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About Malaysia /

People of Malaysia

The 28 million inhabitations of Malaysia are a diverse group, including Malay, Chinese, Indian, and other indigenous races. To maintain this rich diversity, Malaysian culture emphasizes the values of courtesy, moderation and tolerance.


As Malaysia’s largest ethnic group, the Malays account for over half the population of Malaysia. They are Muslim, and with the oldest indigenous peoples, they form a group called bumiputra -he “sons” or “princes of the soil”. Traditionally, Malay culture centers around the kampong (village) and a strong responsibility to family. While the times and urban setting have changed some of the customs, Islamic values are still firmly embedded in their culture. t is a common sight in Malaysia to find girls whose hair is covered with a scarf called a “tudung” Muslim women are encouraged to practice modesty in terms of their attire, thou in most cases they can choose whether or not to cover their heads.


The Chinese traded with the people of the Malay Archipelago for centuries, then settled in numbers during the nineteenth century, when word of riches in the South Seas spread across China. Chinese-Malaysians now comprise about 25 percent of Malaysia’s total population. The first Chinese to settle in the area, primarily in and around Melaca, gradually adopted elements of Malay culture and intermarried with members of the existing local community. Known as “babas” and “nyonya”, they combined Malay and Chinese traditions and created a newly synthesized culture. Later Chinese immigrants- those who came to work in the tin and rubber industries- preserved much more of their original Chinese culture.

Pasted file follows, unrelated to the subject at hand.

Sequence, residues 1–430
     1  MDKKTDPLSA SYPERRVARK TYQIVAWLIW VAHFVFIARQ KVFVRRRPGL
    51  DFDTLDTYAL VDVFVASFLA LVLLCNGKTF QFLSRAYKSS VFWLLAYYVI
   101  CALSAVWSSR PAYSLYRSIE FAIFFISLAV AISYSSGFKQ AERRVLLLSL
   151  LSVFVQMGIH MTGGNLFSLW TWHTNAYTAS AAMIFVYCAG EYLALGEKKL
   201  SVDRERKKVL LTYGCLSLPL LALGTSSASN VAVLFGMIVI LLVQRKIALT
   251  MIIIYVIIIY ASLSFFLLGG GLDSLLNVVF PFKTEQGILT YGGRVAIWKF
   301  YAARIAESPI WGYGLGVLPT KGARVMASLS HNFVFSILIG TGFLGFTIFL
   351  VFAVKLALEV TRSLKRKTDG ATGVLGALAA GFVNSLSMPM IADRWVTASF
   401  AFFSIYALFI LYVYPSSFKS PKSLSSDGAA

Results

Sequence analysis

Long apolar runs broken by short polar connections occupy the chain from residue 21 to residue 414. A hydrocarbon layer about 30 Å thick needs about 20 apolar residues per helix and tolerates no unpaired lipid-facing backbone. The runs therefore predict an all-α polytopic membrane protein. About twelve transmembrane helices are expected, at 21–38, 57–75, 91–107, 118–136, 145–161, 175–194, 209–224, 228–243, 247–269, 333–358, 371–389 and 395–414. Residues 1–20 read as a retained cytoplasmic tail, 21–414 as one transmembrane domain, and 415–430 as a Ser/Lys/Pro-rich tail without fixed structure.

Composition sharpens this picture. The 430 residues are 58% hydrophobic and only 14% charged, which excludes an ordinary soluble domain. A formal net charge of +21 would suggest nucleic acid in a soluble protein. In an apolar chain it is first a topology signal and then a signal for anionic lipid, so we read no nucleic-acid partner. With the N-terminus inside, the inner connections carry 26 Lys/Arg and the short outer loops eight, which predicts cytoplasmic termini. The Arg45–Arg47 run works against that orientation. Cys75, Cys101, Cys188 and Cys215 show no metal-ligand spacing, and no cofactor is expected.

Malaysian Indians account for about 7.5% of the total population, and are mostly Hindu Tamils from Southern India. Indians had been visiting Malaysia for over 2000 years, but did not settle en masse until the 19th century, when many came to work as rubber tapers, infrastructure construction workers, or administrators for the fledgling British colony.

Orang Asli.

The Orang Asli occupy the peninsula in small scattered groups, although some of them have been absorbed into Malaysia.

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